Ahmad Mansour on Islamist attacks: fanaticism out of hurt

Wrage and violence seem to erupt from an ideological volcano. Terrorist alarm in Vienna on Monday evening, about terrorists shooting each other in front of a synagogue and in the city center. We still know little about the background to the murders in Vienna. But it stands to reason that the perpetrators acted from a motivation similar to that in Dresden, Nice and Paris. Since the end of October in a Paris suburb, the teacher Samuel Paty was beheaded by a fanatical Islamist, anger, outrage and hatred have swelled in Islamist communities worldwide. A whole series of outbreaks are sweeping Europe. The current mood acts as a fire accelerator. To respond with compromises and concessions would be a sign of weakness – and a betrayal of what Europe is all about.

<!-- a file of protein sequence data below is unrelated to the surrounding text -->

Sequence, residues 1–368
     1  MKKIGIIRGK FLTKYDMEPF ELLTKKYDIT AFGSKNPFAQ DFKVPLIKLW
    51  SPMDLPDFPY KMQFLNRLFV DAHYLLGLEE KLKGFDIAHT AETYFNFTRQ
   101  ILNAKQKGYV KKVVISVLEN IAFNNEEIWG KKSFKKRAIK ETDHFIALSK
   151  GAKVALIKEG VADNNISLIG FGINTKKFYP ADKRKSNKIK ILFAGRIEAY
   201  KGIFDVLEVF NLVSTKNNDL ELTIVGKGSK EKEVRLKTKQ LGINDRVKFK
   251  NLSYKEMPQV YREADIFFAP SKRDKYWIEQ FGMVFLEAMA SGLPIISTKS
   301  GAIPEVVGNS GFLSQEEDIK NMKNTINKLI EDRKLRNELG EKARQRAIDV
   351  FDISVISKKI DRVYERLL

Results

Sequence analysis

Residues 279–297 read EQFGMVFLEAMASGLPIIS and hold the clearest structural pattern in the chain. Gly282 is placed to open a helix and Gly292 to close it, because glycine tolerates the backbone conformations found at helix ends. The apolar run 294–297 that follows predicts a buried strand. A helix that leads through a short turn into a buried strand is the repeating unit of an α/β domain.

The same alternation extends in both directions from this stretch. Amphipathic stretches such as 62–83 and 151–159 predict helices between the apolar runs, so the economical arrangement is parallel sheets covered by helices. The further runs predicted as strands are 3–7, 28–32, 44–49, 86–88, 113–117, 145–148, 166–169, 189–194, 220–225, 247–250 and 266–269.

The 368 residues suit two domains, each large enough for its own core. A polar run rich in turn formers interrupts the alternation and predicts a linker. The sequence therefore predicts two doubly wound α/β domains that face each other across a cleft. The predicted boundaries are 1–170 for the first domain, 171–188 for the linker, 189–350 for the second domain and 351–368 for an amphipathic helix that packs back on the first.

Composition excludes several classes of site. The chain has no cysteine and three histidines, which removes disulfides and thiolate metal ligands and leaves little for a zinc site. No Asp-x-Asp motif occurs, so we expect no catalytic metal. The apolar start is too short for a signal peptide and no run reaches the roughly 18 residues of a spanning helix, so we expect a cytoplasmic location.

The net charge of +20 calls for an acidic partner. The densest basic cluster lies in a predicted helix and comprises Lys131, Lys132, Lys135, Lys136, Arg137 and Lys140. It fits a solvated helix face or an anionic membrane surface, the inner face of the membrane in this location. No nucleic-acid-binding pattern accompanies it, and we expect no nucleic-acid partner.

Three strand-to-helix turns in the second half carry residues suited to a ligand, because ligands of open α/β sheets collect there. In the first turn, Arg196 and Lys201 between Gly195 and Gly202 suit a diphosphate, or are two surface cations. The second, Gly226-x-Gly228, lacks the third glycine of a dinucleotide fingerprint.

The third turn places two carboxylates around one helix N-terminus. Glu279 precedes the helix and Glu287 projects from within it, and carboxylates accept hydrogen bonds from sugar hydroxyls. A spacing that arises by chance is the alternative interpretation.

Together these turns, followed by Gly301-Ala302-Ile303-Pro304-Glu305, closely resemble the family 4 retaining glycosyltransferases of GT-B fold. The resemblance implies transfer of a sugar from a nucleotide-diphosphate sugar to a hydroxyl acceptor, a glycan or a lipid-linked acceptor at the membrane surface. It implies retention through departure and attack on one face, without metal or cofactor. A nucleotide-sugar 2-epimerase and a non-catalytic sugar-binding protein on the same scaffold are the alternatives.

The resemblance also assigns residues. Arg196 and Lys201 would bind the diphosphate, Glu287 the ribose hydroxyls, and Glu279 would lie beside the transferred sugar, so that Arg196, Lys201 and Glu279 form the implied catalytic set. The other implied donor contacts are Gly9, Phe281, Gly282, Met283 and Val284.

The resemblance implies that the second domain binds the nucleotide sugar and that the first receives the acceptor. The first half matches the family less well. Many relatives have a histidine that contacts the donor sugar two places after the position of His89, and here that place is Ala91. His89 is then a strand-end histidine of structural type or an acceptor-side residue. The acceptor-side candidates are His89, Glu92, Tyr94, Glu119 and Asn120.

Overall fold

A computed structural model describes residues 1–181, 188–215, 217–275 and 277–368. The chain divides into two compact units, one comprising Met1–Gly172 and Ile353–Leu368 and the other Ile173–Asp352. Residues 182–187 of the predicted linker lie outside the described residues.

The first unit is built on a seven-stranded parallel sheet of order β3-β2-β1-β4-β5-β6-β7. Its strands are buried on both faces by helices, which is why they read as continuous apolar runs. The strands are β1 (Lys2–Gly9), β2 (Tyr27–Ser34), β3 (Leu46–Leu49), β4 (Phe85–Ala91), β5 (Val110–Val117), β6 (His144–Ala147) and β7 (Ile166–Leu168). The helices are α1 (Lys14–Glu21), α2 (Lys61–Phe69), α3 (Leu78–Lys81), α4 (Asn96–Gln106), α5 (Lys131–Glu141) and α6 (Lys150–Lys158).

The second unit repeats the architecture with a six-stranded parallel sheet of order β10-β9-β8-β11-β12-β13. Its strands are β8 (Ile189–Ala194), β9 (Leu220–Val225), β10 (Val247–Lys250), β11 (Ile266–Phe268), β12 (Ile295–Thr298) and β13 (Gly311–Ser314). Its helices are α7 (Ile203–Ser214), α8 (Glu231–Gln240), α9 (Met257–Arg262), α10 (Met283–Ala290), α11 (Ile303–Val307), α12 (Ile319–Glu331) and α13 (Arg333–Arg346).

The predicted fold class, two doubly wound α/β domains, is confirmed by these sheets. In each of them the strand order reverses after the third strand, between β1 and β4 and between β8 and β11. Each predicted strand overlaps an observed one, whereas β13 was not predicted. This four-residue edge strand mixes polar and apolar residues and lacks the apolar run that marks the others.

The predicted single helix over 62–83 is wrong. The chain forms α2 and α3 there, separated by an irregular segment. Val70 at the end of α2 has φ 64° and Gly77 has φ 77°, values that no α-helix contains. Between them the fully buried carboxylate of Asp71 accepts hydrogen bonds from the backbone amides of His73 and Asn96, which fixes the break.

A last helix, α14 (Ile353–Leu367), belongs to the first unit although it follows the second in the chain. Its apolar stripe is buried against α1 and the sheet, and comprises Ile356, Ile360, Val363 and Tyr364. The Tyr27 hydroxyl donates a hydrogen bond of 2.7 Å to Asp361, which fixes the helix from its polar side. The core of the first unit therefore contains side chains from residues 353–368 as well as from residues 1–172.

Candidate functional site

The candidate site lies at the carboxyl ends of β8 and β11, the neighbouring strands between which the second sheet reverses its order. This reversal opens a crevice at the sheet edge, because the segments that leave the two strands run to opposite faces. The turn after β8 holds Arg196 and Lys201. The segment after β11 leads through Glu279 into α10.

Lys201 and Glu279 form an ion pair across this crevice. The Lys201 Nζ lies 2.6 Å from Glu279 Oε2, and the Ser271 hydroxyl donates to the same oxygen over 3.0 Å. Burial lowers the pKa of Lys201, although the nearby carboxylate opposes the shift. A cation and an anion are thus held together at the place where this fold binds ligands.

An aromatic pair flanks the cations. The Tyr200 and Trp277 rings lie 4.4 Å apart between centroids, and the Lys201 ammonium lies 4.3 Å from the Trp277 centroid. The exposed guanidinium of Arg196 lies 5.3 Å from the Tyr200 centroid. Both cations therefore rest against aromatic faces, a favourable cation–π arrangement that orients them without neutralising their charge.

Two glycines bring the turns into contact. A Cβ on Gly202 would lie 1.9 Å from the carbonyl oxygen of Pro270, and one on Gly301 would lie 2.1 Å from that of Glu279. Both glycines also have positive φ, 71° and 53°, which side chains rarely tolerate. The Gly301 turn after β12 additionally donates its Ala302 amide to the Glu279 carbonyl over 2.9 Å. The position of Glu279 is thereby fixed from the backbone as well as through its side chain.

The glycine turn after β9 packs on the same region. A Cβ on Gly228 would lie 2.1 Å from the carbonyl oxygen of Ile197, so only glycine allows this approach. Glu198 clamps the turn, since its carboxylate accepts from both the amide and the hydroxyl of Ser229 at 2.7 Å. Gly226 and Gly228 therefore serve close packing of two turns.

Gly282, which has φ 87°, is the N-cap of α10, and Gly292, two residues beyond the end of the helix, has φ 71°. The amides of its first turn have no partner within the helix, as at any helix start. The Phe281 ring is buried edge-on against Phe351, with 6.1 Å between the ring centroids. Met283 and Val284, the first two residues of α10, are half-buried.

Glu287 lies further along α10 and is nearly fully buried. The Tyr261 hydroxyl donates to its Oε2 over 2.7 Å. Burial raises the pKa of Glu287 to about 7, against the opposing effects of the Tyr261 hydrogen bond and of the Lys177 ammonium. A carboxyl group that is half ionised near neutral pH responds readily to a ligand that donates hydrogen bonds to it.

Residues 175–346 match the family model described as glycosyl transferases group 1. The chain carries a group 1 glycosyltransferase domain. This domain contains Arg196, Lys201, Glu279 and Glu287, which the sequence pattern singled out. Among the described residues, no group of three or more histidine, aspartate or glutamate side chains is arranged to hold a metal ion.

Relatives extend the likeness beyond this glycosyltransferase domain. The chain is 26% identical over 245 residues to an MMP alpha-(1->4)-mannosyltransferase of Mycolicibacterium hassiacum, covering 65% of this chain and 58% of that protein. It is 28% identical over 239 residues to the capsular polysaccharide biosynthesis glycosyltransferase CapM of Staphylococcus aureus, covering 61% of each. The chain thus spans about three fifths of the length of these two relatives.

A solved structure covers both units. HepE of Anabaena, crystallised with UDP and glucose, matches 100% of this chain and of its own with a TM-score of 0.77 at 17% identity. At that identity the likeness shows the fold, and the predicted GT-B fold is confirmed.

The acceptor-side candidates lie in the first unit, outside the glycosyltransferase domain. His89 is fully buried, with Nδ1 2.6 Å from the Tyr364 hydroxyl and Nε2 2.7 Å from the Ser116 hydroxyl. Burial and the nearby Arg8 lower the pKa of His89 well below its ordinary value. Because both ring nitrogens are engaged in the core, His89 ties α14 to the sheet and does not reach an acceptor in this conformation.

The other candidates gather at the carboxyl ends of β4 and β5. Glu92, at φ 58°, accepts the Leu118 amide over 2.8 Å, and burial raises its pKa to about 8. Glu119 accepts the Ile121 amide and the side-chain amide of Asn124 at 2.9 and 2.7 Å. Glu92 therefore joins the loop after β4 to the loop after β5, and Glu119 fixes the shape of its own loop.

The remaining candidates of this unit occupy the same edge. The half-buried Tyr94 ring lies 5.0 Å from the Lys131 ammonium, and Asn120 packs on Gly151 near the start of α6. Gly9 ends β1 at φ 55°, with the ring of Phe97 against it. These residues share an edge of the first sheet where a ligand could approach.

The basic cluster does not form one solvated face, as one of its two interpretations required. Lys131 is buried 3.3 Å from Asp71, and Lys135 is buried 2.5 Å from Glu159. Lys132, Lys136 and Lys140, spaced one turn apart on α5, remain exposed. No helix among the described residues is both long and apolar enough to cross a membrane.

Many Muslims around the world feel offended in their religious feelings. With French President Emmanuel Macron, the journal “Charlie Hebdo”, with cartoons that do what is supposedly forbidden and violate supposed taboos. The hurt runs deep, the injury is felt to be real. People take to the streets, protesting, calling for action and boycott of French goods, posting anti-French slogans on social media. Others want to take revenge directly by defending their prophet and their faith through violence and terror to atone for their offense.

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